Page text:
Art Fair Finds

23 May

I tromped across San Francisco Thursday night to czech out the menagerie of art fairs. The SF Fine Art Fair in Fort Mason was a great start last year, after a 10 year stint of nothing,  but I am glad for the addition of  artMRKT and ArtPadSF to this year’s roster. A more comprehensive representation of the current local and national art scene is split amongst the three venues. ArtPadSF was a win with its engaging atmosphere at the Phoenix Hotel, lacking all certain stiffness. Below are favorite pieces from all three fairs! Enjoy. (Excuse the less than straight photos..I need to work on keeping steady as I’m half kneeling on the ground in in heels while hoping my ass isn’t falling out of my jeans.)

Jamie Vasta : "Fillide, 1596" " : Patricia Sweetow Gallery : ArtPadSF

Jamie’s show After Caravaggio is up for only a short while longer at Patricia Sweetow Gallery. Get there quick if you haven’t examined these works of strictly glitter. Her current series is an homage to the anniversary of Caravaggio’s 400th birthday. Jamie uses her own friends to act out some of Caravaggio’s most celebrated paintings and documents them in craft glitter in a most exceptional manner.

Margaret Bowland : Babcock Galleries : artMRKT

Daughters : artMRKT

Thomas Wood : "The Pollinators" : Lisa Harris Gallery : SF Fine Art Fair

Martin Spei : "Dean/Train" : gf contemporary : SF Fine Art Fair

Martin does many humorous, yet knowing, bronze sculptures of “the working man.”

Slinkachu : Villa del Arte galleries

San Francisco’s Art Fair Explosion

11 May

"Identity Theft #1," Travis Somerville, 2011. Courtesy Catharine Clark Gallery.“Identity Theft #1,” Travis Somerville, 2011. Courtesy Catharine Clark Gallery.

I talked to artMRKT founder Max Fishko about this year’s proliferation of San Francisco art fairs. You can find the article on KQED’s online Arts & Culture blog.

My Journey into San Francisco’s Crab-Infested Restaurant Waters

11 May

At the peak of San Francisco’s crab season I cooked up some delectable goodies with Maverick restaurant and Vietnamese pop-up Little Knock. Recipes and article can be found at The Bold Italic.

Rice Paper Scissors : Vietnamese Pop-Up Cafe

8 Feb

In celebration of Vietnamese New Year, street food vendors Valerie Luu of Little Knock and Katie Kwan of KitchenSidecar threw their first Vietnamese pop-up café and called it Rice Paper Scissors. The guerrilla-style, street food fare featured Valerie’s Crab Sautéed Glass Noodles and Katie’s imperial rolls, snail pho and sticky rice dessert with mung beans and lotus seeds, and other yummies.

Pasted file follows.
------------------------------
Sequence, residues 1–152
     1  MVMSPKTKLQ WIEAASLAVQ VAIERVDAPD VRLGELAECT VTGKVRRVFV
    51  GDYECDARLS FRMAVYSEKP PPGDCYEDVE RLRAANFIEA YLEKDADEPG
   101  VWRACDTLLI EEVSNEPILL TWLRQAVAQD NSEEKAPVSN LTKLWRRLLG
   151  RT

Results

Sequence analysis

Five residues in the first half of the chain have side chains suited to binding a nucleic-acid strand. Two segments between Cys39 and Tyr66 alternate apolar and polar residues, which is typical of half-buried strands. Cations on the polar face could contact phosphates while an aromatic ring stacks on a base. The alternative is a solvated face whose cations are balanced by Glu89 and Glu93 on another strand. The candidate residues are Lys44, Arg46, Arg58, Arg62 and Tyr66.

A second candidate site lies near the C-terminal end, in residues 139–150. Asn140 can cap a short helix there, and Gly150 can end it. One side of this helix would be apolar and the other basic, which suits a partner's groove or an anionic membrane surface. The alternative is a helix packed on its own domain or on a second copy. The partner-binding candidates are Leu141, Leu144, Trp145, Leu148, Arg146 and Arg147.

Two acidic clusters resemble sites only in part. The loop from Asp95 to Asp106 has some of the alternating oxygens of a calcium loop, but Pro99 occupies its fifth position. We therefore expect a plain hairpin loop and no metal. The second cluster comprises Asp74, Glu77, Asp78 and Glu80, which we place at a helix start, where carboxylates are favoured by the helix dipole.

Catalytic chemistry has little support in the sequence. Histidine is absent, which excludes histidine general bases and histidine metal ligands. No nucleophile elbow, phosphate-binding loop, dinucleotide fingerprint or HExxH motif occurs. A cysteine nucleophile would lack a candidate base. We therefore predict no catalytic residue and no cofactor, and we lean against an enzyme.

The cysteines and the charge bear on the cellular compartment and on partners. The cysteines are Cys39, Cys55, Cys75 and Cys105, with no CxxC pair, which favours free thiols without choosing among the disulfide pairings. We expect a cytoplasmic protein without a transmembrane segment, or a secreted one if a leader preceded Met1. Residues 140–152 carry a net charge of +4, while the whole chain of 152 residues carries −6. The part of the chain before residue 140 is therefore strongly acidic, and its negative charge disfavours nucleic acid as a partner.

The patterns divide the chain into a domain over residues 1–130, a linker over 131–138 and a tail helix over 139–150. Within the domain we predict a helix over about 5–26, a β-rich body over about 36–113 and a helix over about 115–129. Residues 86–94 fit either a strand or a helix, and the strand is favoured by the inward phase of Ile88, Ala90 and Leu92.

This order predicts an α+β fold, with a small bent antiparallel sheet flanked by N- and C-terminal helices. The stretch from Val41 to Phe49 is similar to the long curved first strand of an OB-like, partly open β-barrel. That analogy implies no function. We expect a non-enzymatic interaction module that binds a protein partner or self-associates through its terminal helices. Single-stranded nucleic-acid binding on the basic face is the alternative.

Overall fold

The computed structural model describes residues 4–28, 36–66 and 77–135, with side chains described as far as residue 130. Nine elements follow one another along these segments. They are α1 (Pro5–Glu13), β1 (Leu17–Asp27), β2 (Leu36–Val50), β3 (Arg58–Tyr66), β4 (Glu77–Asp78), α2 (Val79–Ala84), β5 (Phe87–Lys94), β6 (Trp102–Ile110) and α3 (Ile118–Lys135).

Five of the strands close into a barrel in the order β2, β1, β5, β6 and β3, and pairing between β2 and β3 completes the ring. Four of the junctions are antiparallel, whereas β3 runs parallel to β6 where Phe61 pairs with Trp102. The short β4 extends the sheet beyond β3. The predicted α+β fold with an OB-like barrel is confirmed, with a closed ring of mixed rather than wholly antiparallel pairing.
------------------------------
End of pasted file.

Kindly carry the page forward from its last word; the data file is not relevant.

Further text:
With a sizzling pan to her left and wok on her right, Valerie served up a hot and flavor-packed family recipe her grandma served this past Christmas. Valerie says when people think of Vietnamese food, they tend to think of Pho and stick with it. So she wants to get people to try what she grew up eating. She finds this a good excuse to hang out with her grandma and learn recipes and preserve that part of her identity through language and food. When in Saigon, she saw an old lady in her pajamas, cooking up food in an ally way with motorbikes buzzing by. No fear. Valerie palled up with Katie to recreate that culture in San Francisco.


Photo Courtesy of Valerie Luu aka Little Knock

I met with Valerie the following day to help her prepare the Crab Sautéed Glass Noodles for the Underground Market put on by forageSF.

She works out of the rentable kitchen space at La Victoria’s Mexican Bakery & Café.

It was Friday afternoon and we shared the kitchen with a slew of street and underground food entrepreneurs, preparing for their own weekend ventures.

Spanish radio blasted heartfelt ballads from the speakers and the smell of freshly baked cookies enveloped the kitchen.

We started by hesitantly picking up and throwing live crabs into a giant vat of boiling water. It takes 20 minutes until the feisty crabs are no longer intimidating. In that time, we chopped a few pounds of onions and cried insurmountable amounts of liquid, punishment for the mass slaughter. Twenty minutes never felt so long.

But when it came, Valerie gave me some crab cracking tips that resulted in nice chunks of juicy, crabby innards.